using desktop-data-manager and PyGTK
for clipboard grabbing/communication, yay!

Igor said...

I have to note 2 things:
1) The results depend very much on the magnification setting in your PDF viewer when you copy the image to clipboard. For me 200% seems to give good recognition rates.

2) My python knowledge is next to non-existent and I'm getting BKChem to crash when I attempt to save the recognized structure as .mol file - the error seems to be related to GTK:
The program '' received an X Window System error.
This probably reflects a bug in the program.
The error was 'BadWindow (invalid Window parameter)'.
(Details: serial 6876 error_code 3 request_code 15 minor_code 0)

any help with solving this BadWindow problem will be most appreciated!

Rich Apodaca said...

Noel, way cool. The only drawback for most chemists would be the install process. I wonder how hard it would be to bundle up the whole package and deploy with a platform-independent installer...

I also wonder if you could take this one step further:

How about a system tool that will convert any image on the (Windows/Linux/Mac) clipboard to a molfile?

That would decouple the functionality from PDFs - it would work with any image consumer, including a Web browser. It would also enable a variety of drawing packages (ISIS/Draw, ChemWriter, BKChem, JChemPaint, etc.) and chemical spreadsheets to use the conversion.

baoilleach said...

@Igor: Well done. I looked into using pyGTK on Linux, but it required a newer version of pyGTK than that in the current Debian.

Interesting point about magnification setting. I would have thought it independent.

Regarding the error, I think you will have to post the code somewhere or contact Beda. I would test it if I could!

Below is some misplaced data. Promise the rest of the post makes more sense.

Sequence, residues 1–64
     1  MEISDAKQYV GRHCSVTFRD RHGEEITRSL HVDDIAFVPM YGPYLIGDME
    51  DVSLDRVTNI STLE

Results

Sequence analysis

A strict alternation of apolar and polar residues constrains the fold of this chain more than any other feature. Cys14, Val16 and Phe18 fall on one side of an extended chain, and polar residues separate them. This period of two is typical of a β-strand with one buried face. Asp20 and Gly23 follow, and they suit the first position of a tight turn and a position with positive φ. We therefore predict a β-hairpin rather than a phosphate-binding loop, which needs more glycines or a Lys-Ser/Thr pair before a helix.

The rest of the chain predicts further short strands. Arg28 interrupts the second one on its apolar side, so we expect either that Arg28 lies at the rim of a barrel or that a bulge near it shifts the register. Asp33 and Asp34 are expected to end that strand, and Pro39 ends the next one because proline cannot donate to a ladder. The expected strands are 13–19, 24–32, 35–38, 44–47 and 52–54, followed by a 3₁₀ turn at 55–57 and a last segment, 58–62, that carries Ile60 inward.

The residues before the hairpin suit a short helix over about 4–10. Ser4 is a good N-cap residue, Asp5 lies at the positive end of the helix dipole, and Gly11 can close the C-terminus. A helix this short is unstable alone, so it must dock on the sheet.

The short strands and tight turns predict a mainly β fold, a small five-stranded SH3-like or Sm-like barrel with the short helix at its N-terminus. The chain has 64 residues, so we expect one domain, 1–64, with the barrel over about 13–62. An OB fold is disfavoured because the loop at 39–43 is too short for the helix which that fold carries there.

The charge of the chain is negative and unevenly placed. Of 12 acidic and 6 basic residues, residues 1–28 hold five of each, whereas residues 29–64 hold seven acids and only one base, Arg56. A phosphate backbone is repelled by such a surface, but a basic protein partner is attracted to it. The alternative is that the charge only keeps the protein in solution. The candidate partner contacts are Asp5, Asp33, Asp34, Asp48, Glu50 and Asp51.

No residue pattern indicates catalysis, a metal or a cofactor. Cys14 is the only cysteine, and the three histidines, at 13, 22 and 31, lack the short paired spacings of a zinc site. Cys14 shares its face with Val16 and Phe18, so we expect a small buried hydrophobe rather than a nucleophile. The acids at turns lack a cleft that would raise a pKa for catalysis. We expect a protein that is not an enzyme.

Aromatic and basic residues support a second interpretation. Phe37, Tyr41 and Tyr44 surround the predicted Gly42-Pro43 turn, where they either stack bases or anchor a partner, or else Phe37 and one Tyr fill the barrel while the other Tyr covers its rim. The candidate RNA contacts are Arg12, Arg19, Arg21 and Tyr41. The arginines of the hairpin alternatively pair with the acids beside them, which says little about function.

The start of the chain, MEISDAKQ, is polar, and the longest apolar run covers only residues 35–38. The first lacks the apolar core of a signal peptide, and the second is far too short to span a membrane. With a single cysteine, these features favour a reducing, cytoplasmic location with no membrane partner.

baoilleach said...

@Rich: The procedure works off the clipboard rather than Adobe per se, and so is already independent. It's easy to stick the mol file back onto the clipboard too, but none of the drawing packages I tested (ChemDraw, BKChem, Symyx Draw) seem to support pasting a molfile from the clipboard.

Regarding installation, it would be easy for Beda (if he wished) to bundle all of this in with BKChem so that the user would not have to install anything or set any variables.

The only downside is platform-independence. I'm not sure that there is a cross platform way to cut/paste images from the clipboard. On that note...

@Igor: ...why did you need to change the code to use pyGTK? Did the ImageGrab module from the Python Imaging Library not work on Linux?

Igor said...

ImageGrab is windows only :(
I got the code working with PyGTK on Linux - not sure
if it will also work on Windows (it just might!).

Noel, how can I post it here, or would you prefer if I emailed it to you?

Igor said...

Uh oh looks like the server hosting Noel's scripts is down...

Igor said...

Here is the code that works on Linux:

You might also need desktop data manager to get images into the clipboard:

Igor said...

Ok let me format the URLs :)

desktop data manager

Happy New Year!

Igor said...

I've updated the script to run on both Linux and Windows - it uses PyGTK in the former and ImageGrab in the latter case.
Also, I checked that it is indeed working with any clipboard manager that allows for image copy/paste,
adobe reader is not necessary.
For Windows there is a free clipboard manager -
ClipMagic and it seems to work.

Igor said...

I have added the same functionality to


Here is the feature request and the patch file

baoilleach said...

Igor - before you do too much work, I'm working on a standalone OSRA convertor that sticks the SDF file back on the clipboard. Then, the individual programs just need to be able to paste from the clipboard. This should make it easier to deploy.

Igor said...

Noel, sounds good, looking forward to checking it out!